For Youth Workers Post


Darren Wright

“In the Habit” session for use with devozine meditations for January 18–24, 2016.


Henri J. M. Nouwen wrote, “Just imagine that there was no longer fear among people, no longer rivalry, hostility, bitterness, or revenge. Just imagine all the people on this planet holding hands and forming one large circle of love. We say, ‘I can’t imagine.’ But God says, ‘That’s what I imagine, a whole world not only created but also living in my image.’”

“I’m often looked to as the imaginative one, who might be able to think outside the box and to think of alternatives. When I was younger, they used to call me a daydreamer.

“The imagination is a powerful part of our humanity and our spirituality. Sometimes we Christians say it’s OK to imagine, as long as we have a biblical or spiritual reason. When did it become bad for us to use our imaginations for fun or play?” —Darren


Darren WrightDarren Wright is a Uniting Church Youth Worker serving in the Riverina Presbytery in New South Wales, Australia, as the Presbytery Education and Discipleship Worker. Darren has previously worked in congregational ministry, high school chaplaincy, and local government as a youth worker. His interests include music (Radiohead, Ben Harper, The National, Of Monsters and Men, Ryan Adams, Laura Marling, All India Radio, Florence and the Machine), film (Avengers, MegaMind, Harry Potter, How to Train Your Dragon, Scott Pilgrim, Big Hero 6), TV (Chuck, Doctor Who, Big Bang Theory, Community, Agents of SHIELD), theology, pop-culture, working with young people in at-risk areas, and connecting the church and theology with pop culture. Find out more about Darren and his work.





  • Suri’s Wall is a beautiful story that explores the role of imagination in the human spirit and its power to bring hope and joy to others.
  • A series of books (Imagine . . . a Day, a Place, a Night, a World) by Robert Gonsalves explores the imagination and its power to take us anywhere we want to go.
  • Imagine, by Alison Lester is another beautiful book that explores the imagination and introduces readers to the world around them.
  • Use Your Imagination, by Nicola O’Byrne begins with a bored rabbit and a hungry wolf, who suggests they write a story.



Before the group arrives, set up the room to be inviting and comfortable.

Place the Legos around the room; and as people arrive, invite them to play. (If you don’t have Legos, have available bread dough, blocks, paint and paper, or clay.) Tell group members that their play has no aim or reason other than to have some fun. They can build anything they want, together or individually. Encourage them to use their imaginations.

After at least 15 minutes, bring the group together for discussion:
       What is playing with Legos like?
       How did playing with Legos make you feel?
       What did you build? Why?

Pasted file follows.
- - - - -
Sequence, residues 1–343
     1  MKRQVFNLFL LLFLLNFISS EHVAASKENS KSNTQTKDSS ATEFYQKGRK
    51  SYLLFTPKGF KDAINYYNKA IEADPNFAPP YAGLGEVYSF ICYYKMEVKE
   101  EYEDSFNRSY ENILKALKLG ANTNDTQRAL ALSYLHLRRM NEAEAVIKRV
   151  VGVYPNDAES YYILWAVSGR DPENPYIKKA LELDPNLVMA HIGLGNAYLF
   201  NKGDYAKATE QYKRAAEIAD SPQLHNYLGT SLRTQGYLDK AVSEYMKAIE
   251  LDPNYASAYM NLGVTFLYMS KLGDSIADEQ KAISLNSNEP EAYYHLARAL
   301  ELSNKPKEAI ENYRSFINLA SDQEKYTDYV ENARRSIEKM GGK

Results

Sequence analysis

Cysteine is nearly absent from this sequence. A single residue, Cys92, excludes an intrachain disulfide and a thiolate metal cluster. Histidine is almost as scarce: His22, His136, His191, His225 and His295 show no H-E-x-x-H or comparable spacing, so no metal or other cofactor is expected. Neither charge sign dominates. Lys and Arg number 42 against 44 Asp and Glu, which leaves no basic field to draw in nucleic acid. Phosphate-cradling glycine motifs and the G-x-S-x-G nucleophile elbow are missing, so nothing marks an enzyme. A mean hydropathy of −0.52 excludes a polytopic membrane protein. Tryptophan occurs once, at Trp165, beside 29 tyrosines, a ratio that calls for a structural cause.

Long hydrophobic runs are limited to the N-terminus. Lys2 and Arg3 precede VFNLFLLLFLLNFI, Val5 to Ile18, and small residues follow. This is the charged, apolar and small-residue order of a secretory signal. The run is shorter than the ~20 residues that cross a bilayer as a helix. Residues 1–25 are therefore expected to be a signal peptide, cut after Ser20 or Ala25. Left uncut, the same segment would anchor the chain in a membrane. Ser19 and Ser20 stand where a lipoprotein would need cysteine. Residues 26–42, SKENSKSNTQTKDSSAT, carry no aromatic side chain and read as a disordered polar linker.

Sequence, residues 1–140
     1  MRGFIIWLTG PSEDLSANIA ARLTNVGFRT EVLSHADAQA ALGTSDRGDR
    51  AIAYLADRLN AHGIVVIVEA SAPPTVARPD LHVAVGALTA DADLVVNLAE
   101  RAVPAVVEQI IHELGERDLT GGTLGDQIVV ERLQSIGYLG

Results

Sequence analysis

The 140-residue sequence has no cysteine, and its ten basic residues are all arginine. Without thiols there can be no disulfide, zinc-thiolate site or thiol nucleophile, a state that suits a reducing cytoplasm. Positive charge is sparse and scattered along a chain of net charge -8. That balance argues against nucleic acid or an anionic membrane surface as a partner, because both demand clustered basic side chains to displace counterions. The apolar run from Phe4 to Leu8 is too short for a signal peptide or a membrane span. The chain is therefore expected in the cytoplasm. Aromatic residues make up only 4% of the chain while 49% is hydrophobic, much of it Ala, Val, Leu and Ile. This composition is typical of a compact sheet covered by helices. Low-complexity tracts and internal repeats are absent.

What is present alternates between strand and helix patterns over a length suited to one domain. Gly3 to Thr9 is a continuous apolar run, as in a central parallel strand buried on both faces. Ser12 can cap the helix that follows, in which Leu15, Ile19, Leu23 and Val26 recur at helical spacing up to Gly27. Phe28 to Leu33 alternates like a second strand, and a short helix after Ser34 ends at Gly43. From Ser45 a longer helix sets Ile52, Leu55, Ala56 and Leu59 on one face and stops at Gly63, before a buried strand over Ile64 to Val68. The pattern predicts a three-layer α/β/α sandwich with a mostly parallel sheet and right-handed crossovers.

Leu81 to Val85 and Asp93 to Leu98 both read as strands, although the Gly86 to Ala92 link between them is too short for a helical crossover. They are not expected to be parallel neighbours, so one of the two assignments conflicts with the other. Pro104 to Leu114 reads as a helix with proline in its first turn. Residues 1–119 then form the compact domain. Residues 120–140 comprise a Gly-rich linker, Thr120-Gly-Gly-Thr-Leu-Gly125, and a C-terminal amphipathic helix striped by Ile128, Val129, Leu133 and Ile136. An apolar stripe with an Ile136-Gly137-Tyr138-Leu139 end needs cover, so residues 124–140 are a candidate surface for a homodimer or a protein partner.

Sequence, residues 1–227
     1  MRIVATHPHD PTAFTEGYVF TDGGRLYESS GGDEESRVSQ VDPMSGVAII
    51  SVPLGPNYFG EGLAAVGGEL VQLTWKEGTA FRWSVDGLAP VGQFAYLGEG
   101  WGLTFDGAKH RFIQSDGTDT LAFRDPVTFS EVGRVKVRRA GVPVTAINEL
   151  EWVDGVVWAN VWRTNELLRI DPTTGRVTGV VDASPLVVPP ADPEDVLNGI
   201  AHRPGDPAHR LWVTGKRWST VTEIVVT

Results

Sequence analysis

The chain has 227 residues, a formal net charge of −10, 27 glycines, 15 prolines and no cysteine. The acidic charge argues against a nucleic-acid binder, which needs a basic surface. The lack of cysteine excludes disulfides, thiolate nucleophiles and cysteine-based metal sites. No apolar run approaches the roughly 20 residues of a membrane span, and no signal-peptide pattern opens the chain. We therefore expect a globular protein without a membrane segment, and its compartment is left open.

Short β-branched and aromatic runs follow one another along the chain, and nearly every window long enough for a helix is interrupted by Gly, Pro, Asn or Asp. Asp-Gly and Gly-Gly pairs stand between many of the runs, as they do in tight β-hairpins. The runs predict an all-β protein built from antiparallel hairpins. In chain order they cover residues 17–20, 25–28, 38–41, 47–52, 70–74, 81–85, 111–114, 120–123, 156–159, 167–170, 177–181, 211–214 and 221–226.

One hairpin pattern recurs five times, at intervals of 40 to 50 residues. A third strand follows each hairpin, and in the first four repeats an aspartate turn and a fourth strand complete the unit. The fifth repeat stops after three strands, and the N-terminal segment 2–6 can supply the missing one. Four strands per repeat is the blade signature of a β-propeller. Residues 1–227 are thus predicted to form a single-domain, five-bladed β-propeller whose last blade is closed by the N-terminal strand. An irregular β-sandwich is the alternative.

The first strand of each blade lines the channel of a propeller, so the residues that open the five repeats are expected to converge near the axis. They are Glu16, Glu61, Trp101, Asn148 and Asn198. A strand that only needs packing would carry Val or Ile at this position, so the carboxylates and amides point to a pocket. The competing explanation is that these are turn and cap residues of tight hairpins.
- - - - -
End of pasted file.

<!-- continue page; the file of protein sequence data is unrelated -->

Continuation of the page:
Do you play with Legos often? Why? Why not?


Scripture: Matthew 14:13–21 or John 2:13–25

Using an ancient Ignatian spiritual practice, we explore scripture by putting ourselves in the story. St. Ignatius invited people to use their imaginations as part of a spiritual practice. Begin by showing the group Sylvester Tan’s “Praying with the Imagination in the Spiritual Exercises of Saint Ignatius” as an introduction to the practice.

Choose to read either Matthew 14:13–21 or John 2:13–25, or choose another story that involves sights, sounds, smells, people, action.

Read the scripture aloud two or three times, leaving time for the group to write down their experiences. How did they imagine the story or scene? As the scripture is read, invite group members to close their eyes and to imagine themselves in the story. Ask them to imagine the smells, the visuals, the noise, the venue, the people, the action, the feeling of the story.

Invite discussion:
       How did you experience the story?
       What could you smell? taste? touch?
       Whom did you see?
       What did you hear?
       What did the scene look like?
       Would you listen to scripture in this way again?


Invite group members to say The Lord’s Prayer together. The prayer imagines a new world as God imagines it.

Use the Just Prayers video to guide the group in prayer.


  • Provide art supplies—a long sheet of butcher paper, paint, newspaper, and glue. Welcome the new year by imagining God’s new world. Read aloud Isaiah 65:17–25 and/or Revelation 21:1–5. Ask group members to practice the Ignatian way of exploring the scripture and then to paint God’s new creation.
  • Invite group members to sit in a circle. Have the names of familiar Bible characters written on slips of paper and placed in a hat or basket. Ask someone to draw a name. Invite people to tell the story of the character round robin. Then invite them to tell the story as if it were happening today.

—from devozine In the Habit (January/February 2016). Copyright © 2016 by The Upper Room®. All rights reserved.

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